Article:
13. The Government is terribly confused in its response. All its efforts have been towards placating Anna Hazare and his followers. We have come to the present messy situation because of the indifference of successive Governments to the public anger and disgust over the issue of corruption and criminalisation of politics. It is also because of the failure of communications between the Government and the middle class and the absence of a far-seeing political leadership in the seats of power.

14. It is good that even at this late hour the Government has opened up its channels of communications with Anna Hazare and his followers. It should also simultaneously establish a dialogue on this subject with the other political parties and with the youth of the country. It should constitute a group of eminent personalities to come out with an alternative approach to the issue of corruption in general and to the institutional mechanism in particular. These initiatives should not wait till its talks with the leaders of the Anna Hazare movement succeed. ( 8-4-11)

( The writer is Additional Secretary (retd), Cabinet Secretariat, Govt. of India, New Delhi, and, presently, Director, Institute For Topical Studies, Chennai. E-mail: )


Paresh said...

Here we go again. Three days into the protest and already we have cracks amongst us. This is always a problem with us Indians. We can never accept a leader. Sir, basically what you are suggesting is to have a movement where there is no one leader. Actually such movement will fail because it will pull in opposite directions and the willy politicians will be able to divide and rule and nullify the movement. Imagine giving such an advice to Mahatma Gandhi during his freedom struggle. "Gandhi is turning out to be the ayatollah of the freedom struggle. Let us not allow him to think he knows more about independence than us, mortals" --- We would still be under British rule. That's exactly why we don't have strong leaders today, because when anyone is about to become one, we start pulling his legs. Sir, not a fly was ready to take lead in the fight against corruption, this man stood up. Let him atleast finish his fight before we start to pull the rug from under his feet!!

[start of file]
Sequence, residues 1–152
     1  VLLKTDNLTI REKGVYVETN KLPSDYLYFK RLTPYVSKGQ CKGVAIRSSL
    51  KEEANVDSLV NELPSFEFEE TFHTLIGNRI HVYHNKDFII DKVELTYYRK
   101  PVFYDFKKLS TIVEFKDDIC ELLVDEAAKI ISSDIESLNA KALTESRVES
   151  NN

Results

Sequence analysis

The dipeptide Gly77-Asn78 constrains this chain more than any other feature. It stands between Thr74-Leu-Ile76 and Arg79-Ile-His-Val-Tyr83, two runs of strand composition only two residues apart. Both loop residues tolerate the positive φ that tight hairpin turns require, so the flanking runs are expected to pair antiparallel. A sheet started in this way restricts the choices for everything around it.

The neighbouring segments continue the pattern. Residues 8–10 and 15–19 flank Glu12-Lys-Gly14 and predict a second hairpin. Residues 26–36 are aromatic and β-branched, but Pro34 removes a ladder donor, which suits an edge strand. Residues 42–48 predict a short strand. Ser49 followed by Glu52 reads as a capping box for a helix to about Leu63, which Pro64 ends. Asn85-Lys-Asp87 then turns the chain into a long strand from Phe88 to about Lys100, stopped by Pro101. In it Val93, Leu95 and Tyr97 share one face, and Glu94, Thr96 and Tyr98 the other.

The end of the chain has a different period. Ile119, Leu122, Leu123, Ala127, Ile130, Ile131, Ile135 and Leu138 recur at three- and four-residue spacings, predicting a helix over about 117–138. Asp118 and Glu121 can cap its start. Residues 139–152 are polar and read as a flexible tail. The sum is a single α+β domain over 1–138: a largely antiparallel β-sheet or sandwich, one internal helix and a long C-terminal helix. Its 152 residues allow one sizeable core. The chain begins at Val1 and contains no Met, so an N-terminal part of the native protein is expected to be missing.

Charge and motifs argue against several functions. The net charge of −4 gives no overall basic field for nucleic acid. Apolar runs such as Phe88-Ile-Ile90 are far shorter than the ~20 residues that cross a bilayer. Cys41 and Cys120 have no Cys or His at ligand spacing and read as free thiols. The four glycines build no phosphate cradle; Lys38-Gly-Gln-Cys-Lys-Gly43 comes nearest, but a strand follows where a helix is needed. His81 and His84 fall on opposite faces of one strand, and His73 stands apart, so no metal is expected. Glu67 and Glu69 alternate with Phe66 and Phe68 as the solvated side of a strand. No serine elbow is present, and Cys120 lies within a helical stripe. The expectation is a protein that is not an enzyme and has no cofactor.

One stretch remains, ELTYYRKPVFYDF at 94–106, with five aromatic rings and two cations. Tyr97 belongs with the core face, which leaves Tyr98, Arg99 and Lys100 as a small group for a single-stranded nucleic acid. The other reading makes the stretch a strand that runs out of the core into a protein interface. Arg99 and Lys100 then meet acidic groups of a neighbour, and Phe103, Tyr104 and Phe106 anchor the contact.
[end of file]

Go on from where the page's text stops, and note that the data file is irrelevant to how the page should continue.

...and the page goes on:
We had decided to protest (against corruption) in front of the Indian Embassy in Finland a few days back. We had advertised our protest well in advance and about 40-50 people had showed interest in joining. Do you know how many people actually turned up at the event? 4!! When we called some of the 'youngsters' who were supposed to be present, they told us they were still sleeping!!!

Under such circumstances, I think it is a boon that we have Anna Hazare to wake people up! Let us not hit the axe on our own feet just when the fight is warming up.

Shital Gandhi said...

Shri Raman Sir, I am engineer.Your analysis is impeccable. But this corruption menace have been engulfed our progress in a way that if we do not act sense of emergency we would be again slaved in terms of technology importing. These middleman and corrupt politicians neglecting our indigenous technology despite its reliable and just for few penny we corrupt.I still cherish the divine anger shown by mass when Gandhian resisted foreign Manchester cloths. I am sensing the logic behind that.

Traveler said...


I would prefer an anti corruption ayatollah over a bunch of
Corrupt hitlers.


aaceeworld said...

Working within the govt heiarchy, to my amazement i found out that the general opinion is that this movement is a media hype... i was amazed if not dissapointed. utthe fact of the matter is that even if this is a media hype, let us not wither away this wonderful opportunity and in fact make the most it. Ironically this is what even the media would want. This is a golden opprtunity to set things right or attempt to do so, and we do not want to wait for another fifty yr=ears before such an opportunity comes by.

openlight said...

My take -

1. Public is on look out for some one who can lead the public angst against govt.'s inaction.

2. Anna Hazare becoming an ayatullah has to be taken with a pinch of salt, as for decades from nehru onwards (refer to 1948 jeep scandal)political leader and their admin rajas (IAS brigade) have looted country with no thought of countrymen and thus all efforts of changing the scene is just watered down every time. Won't public get fed up?? and demand an military style one leader/ayatollah style quick justice as even depicted in hindi films.

3. Nehru was a good visionary but not a leader thats why India got defeated in 1962, kashmir is still an blood sucking demon and the nehruvian policy of total control by admin (IAS, IPS) and political leaders is playing havoc with the country till date.

4. Most of persons on a monetarily significant position will try to benefit from it thus, not only punish people responsible but also make system transparent and accountable which has been elusive even in the india's most of govt offices.

Arun Nair said...


Mass movements usually depend on a few key people to lead them. For example, India had several freedom fighters - all of whom fought with the same fervor for the same goal, but there were a few key individuals the movement centered around.

Ditto for the current anti-corruption agitation. Anna Hazare is at the forefront not necessarily because he is the most virtuous of leaders that we could have had. God knows that there are many others slogging away silently to keep the system from rotting completely. He is at the forefront due to factors that not many of us could have controlled, and it's important that we have people like him taking the lead. He is a key national resource at this point - a force for causing a massive mobilization and convergence of public opinion. Time for the rest of us mere mortals to overcome our peevishness at having missed our shot at immortality and support the movement for the greater good with what resources we can muster.